CPC National Collection Plant Profile

Astragalus desereticus

Photographer:
M.A. "Ben" Franklin

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CPC National Collection Plant Profile

Astragalus desereticus


Family: 
Fabaceae  
Common Name: 
Deseret Milkvetch
Author: 
Barneby
Growth Habit: 
Subshrub, Forb/herb
CPC Number: 
396

Distribution
Protection
Conservation
References


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Astragalus desereticusenlarge
Photographer: M.A. "Ben" Franklin

Astragalus desereticusenlarge
Photographer: M.A. "Ben" Franklin


Astragalus desereticus is Fully Sponsored
Primary custodian for this plant in the CPC National Collection of Endangered Plants is: 

 
Astragalus desereticus


Astragalus desereticus was considered extinct for 72 years prior to 1981 when it was re-discovered by Elizabeth Neese. One, small population exists in Utah County on highly accessible land that is used for cattle grazing and wildlife management (Franklin 1990). Astragalus desereticus is a perennial, herbaceous plant that blooms in May and June with white flowers that have a purple tip on the keel. The fruiting peduncles are humistrate, with pods that are 1-2 cm long with lustrous hairs (TNC 1992). This species differs from A. piutensis because of its looser pubescence and more strongly graduated petals (UNPS 2003). The specific epithet refers to the State of Deseret, which is the name given to the Utah territory by the Mormons in 1849 (Barneby 1964).

Distribution & Occurrence

State Range
  Utah
State Range of  Astragalus desereticus
Habitat
  Astragalus desereticus occurs primarily on steep south and west-facing slopes in an open pinyon-juniper community. This species grows exclusively on sandy-gravelly soils weathered from conglomerate outcrops of the Moroni Formation (Franklin 1990). The habitat of A. desereticus exists in a state of ‘perpetual succession’ due to high rates of soil erosion on the steeper slopes within its range (TNC 1992). Individuals are larger and highly concentrated on the more gradual slopes where soils are deeper and more stable. There appears to be no potential for the species to expand its distribution into the immediately surrounding areas due to dissimilar soil substrates. Additional areas of potential habitat should be surveyed where similar outcrops of the Moroni formation

Distribution
  The one population occurs in an area less than 120 hectares (300 acres).

Number Left
  The one population consists of between 5,000 and 10,000 individuals.

Protection

Global Rank:  
G1
 
3/30/2003
Guide to Global Ranks
Federal Status:  
LT
 
10/20/1999
Guide to Federal Status
Recovery Plan:  
No
 

State/Area Protection
  State/Area Rank Status Date  
  Utah S1 11/29/1984  

Conservation, Ecology & Research

Ecological Relationships
  Astragalus desereticus is a short-lived perennial that flowers and sets seed in May and June. The pods are deciduous at maturity and dehisce at the apex to release the seeds (Barneby 1964). Unlike many species of Astragalus, A. desereticus appears to be palatable to cattle. A. desereticus does not appear to be a selenophyte because it doesn’t produce a typical snake-like odor and no other selenophytes occur in the area. A. desereticus also tested negative for the compound, swainsonine, that is poisonous to cattle (TNC 1992). The primary pollinators of this species are likely bumblebees or other polylectic bees; however, no work has been conducted to determine the breeding system of this species (TNC 1992).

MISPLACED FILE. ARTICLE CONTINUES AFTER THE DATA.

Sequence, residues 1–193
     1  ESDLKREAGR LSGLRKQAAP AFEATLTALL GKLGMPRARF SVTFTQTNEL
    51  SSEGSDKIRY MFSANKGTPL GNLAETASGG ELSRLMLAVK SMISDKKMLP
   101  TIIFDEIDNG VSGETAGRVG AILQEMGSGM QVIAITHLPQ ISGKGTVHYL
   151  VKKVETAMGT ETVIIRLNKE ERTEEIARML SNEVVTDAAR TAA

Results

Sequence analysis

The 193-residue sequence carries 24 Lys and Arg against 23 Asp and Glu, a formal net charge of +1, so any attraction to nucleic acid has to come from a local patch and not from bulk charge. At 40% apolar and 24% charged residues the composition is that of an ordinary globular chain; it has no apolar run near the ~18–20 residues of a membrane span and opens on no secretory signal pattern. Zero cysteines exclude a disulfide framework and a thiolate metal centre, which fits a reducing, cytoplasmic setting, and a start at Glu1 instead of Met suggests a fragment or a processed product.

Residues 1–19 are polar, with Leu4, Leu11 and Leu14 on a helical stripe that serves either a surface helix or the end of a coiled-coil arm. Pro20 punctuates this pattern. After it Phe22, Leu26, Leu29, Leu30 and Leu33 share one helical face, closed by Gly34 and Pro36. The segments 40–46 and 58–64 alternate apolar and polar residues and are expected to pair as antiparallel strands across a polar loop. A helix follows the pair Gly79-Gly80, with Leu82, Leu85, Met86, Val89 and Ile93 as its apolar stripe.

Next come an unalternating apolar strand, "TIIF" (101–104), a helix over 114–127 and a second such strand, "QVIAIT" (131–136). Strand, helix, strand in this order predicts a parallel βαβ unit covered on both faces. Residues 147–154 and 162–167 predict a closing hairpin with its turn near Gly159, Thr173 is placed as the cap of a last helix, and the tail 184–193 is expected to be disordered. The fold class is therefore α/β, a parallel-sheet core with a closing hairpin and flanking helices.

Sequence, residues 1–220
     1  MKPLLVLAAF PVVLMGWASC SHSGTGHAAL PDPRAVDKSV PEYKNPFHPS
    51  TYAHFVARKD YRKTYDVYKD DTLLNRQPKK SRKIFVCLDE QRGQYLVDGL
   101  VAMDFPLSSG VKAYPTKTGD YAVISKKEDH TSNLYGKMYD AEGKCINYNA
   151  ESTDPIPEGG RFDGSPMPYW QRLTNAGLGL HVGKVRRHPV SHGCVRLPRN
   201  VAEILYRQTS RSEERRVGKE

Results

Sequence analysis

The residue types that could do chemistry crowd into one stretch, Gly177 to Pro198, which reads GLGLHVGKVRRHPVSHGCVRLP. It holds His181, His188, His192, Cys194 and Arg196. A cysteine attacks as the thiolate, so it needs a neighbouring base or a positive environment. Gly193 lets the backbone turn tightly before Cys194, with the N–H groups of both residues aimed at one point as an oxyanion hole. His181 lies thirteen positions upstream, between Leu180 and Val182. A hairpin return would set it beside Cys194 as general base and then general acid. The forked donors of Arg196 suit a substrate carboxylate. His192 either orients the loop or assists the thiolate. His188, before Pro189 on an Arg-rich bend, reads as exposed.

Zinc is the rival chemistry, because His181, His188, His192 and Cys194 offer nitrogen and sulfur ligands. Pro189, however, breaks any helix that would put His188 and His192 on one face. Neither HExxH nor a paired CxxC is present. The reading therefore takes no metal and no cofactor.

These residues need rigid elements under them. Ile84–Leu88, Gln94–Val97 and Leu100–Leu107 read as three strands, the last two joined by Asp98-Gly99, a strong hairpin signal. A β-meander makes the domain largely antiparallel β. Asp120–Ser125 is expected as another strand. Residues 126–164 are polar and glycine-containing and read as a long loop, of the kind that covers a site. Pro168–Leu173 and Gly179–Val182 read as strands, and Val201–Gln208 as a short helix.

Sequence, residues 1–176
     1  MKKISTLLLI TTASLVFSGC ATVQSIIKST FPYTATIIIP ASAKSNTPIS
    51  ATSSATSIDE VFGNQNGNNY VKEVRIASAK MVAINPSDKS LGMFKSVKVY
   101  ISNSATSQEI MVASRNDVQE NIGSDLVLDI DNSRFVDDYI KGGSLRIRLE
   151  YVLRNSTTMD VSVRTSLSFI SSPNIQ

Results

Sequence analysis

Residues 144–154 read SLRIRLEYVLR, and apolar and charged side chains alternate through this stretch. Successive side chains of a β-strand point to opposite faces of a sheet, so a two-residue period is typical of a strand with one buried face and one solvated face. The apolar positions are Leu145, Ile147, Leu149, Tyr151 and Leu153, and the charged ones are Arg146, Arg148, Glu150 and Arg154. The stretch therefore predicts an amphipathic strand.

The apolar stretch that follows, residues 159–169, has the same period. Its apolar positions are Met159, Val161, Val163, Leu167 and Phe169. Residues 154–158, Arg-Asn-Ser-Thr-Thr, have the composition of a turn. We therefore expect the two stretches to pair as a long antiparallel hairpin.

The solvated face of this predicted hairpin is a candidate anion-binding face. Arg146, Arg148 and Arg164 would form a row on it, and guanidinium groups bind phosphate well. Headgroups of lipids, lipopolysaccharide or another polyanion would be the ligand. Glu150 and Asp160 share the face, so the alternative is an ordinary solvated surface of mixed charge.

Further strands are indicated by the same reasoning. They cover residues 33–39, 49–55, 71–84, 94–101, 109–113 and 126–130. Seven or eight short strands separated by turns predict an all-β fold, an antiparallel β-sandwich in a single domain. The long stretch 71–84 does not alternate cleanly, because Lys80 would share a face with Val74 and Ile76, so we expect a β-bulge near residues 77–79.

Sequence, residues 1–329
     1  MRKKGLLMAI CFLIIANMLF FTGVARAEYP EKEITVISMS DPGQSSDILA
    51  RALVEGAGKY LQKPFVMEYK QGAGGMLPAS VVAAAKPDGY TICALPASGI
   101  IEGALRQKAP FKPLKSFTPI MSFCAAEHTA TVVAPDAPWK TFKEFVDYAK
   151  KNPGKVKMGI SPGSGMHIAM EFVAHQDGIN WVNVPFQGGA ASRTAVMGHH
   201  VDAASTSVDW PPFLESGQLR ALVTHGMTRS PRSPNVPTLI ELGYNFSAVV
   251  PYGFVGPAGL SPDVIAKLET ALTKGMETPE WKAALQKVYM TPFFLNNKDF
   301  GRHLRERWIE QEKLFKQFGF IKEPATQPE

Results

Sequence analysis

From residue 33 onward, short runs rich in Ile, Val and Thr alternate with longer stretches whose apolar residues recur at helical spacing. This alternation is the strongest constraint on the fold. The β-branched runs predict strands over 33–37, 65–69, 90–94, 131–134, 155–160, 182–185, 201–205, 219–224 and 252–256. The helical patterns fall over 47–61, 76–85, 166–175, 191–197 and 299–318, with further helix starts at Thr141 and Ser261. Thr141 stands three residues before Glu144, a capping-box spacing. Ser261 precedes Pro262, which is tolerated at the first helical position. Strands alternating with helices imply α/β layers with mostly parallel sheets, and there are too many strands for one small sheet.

Threats
  Threats to this species include residential development, livestock grazing, trampling by livestock and wildlife, and soil erosion. The fact that this species is limited to one localized population suggests that threats associated with small population size are also important (USFWS 1998).

Current Research Summary
 

Current Management Summary
 

Research Management Needs
  (1) Initiate demographic monitoring to assess population trends and evaluate impacts from grazing and other environmental factors; (2) Conduct field searches to locate additional natural populations and to identify areas of suitable but unoccupied habitat for possible recovery efforts (Franklin 1990).

Ex Situ Needs
  Seed should be collected from the single population and stored at established conservation seed programs. If additional populations are found, seed should also be collected from these populations to increase the genetic diversity and gene pool for this species stored at conservation seed programs.

References

Electronic Sources

UNPS. (2003). Utah Native Plant Society Utah Rare Plant Guide. (Accessed 10/20/2003). http://www.unps.org/fg/rpg_species.html.

Journal Articles

USFWS. 1998. Proposed Rule: Endangered and Threatened Wildlife and Plants; Proposed Threatened Status for the Plant Astragalus Desereticus (Deseret milk-vetch). Federal Register. 63, 18. January 28, 1998

USFWS. 1999. Final Rule: Endangered and Threatened Wildlife and Plants; Final Rule to List: Astragalus desereticus (Deseret milk-vetch) as Threatened. Federal Register. 64, 202. October 20, 1999

Maps

Barneby, R.C. 1964. Atlas of North American Astragalus. Memoirs of the New York Botanical Garden. Volume 13: 1-1118.

Reports

Franklin, M.A. 1990. Challenge Cost-Share project report for Astragalus desereticus (Deseret Milkvetch), Manti-La Sal National Forest, Utah. Salt Lake City, Utah: Utah Natural Heritage Program, Department of Natural Resources. p. 5 pages + appendices.

The Nature Conservancy. 1992. Stewardship Abstract for Astragalus desereticus (Deseret Milk-vetch). Prepared by R. Douglas Stone. Salt Lake City, Utah: p.18.


  This profile was updated on 3/4/2010
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